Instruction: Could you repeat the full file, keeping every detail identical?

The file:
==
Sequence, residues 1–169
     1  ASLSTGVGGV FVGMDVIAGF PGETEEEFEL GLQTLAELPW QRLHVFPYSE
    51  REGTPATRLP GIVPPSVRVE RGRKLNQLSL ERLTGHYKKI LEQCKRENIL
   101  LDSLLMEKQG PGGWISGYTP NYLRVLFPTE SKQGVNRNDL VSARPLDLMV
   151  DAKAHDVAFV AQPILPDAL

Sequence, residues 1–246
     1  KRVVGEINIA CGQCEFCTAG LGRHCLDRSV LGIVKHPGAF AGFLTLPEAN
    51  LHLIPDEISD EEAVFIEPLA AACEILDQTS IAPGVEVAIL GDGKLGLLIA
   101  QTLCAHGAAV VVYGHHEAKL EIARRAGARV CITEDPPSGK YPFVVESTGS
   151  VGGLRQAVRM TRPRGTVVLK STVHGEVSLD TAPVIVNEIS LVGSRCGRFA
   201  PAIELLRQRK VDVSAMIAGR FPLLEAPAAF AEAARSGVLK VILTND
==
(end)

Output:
Sequence, residues 1–169
     1  ASLSTGVGGV FVGMDVIAGF PGETEEEFEL GLQTLAELPW QRLHVFPYSE
    51  REGTPATRLP GIVPPSVRVE RGRKLNQLSL ERLTGHYKKI LEQCKRENIL
   101  LDSLLMEKQG PGGWISGYTP NYLRVLFPTE SKQGVNRNDL VSARPLDLMV
   151  DAKAHDVAFV AQPILPDAL

Sequence, residues 1–246
     1  KRVVGEINIA CGQCEFCTAG LGRHCLDRSV LGIVKHPGAF AGFLTLPEAN
    51  LHLIPDEISD EEAVFIEPLA AACEILDQTS IAPGVEVAIL GDGKLGLLIA
   101  QTLCAHGAAV VVYGHHEAKL EIARRAGARV CITEDPPSGK YPFVVESTGS
   151  VGGLRQAVRM TRPRGTVVLK STVHGEVSLD TAPVIVNEIS LVGSRCGRFA
   201  PAIELLRQRK VDVSAMIAGR FPLLEAPAAF AEAARSGVLK VILTND